The Temporal , Parotid , Infratemporal and Submandibular regions

24.3 Infratemporal region


Laterally: The ramus fo the mandible.

Medially: Lateral pterygoid plate (B).

Anteriorly: The infratemporal surface of the maxilla (limited by inferior orbital fissure superiorly and the pterygomaxillary fissure medially)

Posteriorly: Anterior surface of the condylar process of the mandible and the styloid process of the temporal bone.

Roof (Superior): Inferior surface of the greater wing of the sphenoid. Foramen ovale is located in the roof of the infratemporal fossa.

Inferiorly: Angle of the mandible (M) and continues in to the sub-mandibular fossa.






•  Inferior part of temporalis muscle.

•  Medial and lateral pterygoids.




Pterygoid venous plexus:

Lies on the lateral pterygoid muscles.


  • Facial vein , via deep facial vein.
  • Cavernous venous sinus by an emissary vein passing through the foramen ovale.
  • Inferior opthalmic vein
  • Pharyngeal venous plexus and muscular veins.

These communications are important for spread of infections and for collateral circulation.

The pterygoid muscles and other muscles of mastication pump the blood from this plexus and are considered a “peripheral heart”. Chewing or yawning increases venous return.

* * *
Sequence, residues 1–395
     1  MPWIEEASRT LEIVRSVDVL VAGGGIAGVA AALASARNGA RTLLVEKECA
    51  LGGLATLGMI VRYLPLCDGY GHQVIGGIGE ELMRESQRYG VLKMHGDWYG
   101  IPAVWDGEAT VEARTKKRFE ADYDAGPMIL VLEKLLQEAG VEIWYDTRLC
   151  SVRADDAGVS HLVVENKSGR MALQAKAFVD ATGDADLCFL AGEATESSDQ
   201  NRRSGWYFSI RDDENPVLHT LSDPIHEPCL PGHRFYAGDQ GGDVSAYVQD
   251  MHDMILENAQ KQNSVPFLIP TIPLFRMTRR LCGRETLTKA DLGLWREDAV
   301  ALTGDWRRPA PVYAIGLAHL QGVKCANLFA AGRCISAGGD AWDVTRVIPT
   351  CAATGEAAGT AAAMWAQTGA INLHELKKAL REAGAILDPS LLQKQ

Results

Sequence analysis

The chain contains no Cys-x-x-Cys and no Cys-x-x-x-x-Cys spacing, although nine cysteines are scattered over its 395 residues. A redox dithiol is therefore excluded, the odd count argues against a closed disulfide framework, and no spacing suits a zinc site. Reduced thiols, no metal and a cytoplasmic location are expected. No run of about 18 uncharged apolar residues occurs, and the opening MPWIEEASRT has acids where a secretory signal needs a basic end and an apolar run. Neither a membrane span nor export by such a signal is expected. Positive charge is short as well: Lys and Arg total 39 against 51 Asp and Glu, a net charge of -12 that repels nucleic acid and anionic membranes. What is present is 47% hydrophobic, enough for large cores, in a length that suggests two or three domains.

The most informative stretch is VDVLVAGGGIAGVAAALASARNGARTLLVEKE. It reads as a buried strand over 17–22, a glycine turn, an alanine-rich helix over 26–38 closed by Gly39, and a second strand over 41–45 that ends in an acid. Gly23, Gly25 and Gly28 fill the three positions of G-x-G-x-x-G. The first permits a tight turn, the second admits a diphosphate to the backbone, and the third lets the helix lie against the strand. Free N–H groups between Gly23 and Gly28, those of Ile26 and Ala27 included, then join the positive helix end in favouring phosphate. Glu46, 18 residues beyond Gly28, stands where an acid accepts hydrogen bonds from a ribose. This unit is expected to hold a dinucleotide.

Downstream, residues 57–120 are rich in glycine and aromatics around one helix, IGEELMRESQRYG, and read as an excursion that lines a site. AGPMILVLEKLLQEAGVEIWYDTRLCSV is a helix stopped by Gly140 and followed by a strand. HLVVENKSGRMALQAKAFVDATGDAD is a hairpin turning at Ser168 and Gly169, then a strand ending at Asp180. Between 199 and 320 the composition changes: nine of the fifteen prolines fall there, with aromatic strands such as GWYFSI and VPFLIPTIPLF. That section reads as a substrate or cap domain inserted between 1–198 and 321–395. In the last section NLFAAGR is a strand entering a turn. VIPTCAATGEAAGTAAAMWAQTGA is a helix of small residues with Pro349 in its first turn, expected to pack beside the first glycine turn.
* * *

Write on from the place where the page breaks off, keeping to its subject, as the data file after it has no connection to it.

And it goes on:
Maxillary artery.



•  Terminal branch of the external carotid artery ,


  • It commonly lies superficial to the lateral pterygoid muscles but may be deep to it.
  • It is divided into three parts by the lateral pterygoid muscle.


See table below for parts, branches and distribution


Part 1 Deep auricular (1). External acoustic meatus
  Anterior tympanic, Tympanic membrane.
  Middle meningeal(3) Dura and skull (middle cranial fossa).
  Accessory meningeal Meninges and skull.
  Inferior alveolar .(2) Mandibular teeth and gums

Part 2 Masseteric:(4) Masseter muscle.
  Anterior(9) and posterior (10) Deep temporal: Temporalis.
  Pterygoid:. Pterygoid muscles
  Buccal:.(5) Buccinator

Part 3 Branches:
  Posterior superior alveolar (7). Maxillary molars gums
  Middle superior alveolar. Maxillary Pre-molars and gums
  Infraorbital (8). Faces
  Descending palatine: Palate
  Artery of the Pterygoid canal. Pharynx
  Pharyngeal Naso-pharynx
  Sphenopalatine: Nasal cavity and incisive teeth

Mandibular Nerve    



These are mainly branches of the Mandibular nerve (V3), together with associated parasympathetic hitch hikers.

a) Branches to the muscles of mastication are named according to the muscles they supply. In addition to the muscle of mastication, the mandibular nerve also supplies: -

•  Tensor palati.

•  Tensor tympani.

•  Mylohyoid and anterior belly of digastric.



b) Sensory branches:

Inferior alveolar nerve:
Lingual nerve:
  • Auricle and temporal region.
  • Auricular fibres to the temporo-mandibular joint.
  • Post-ganglionic parasympathetic fibres to the parotid gland.
  • Skin and mucous membrane of the cheek.
  • Mandibular buccal gingiva in the molar region.
  • Teeth and gums in the mandible.
  • Continues as mental nerve (at about 2 nd premolar)
  • Lower lip, chin.
  • Gingiva of mandbular incisors.
  • General sensation to the anterior two-thirds of the tongue, the floor of the mouth and the gingivae.
  • It is joined by chorda tympani which carries:
  • Preganglionic parasympathetic fibres to the submandibular ganglion.
  • Taste fibres from the anterior two-thirds of the tongue.

Hover over the hot spots to show nerve names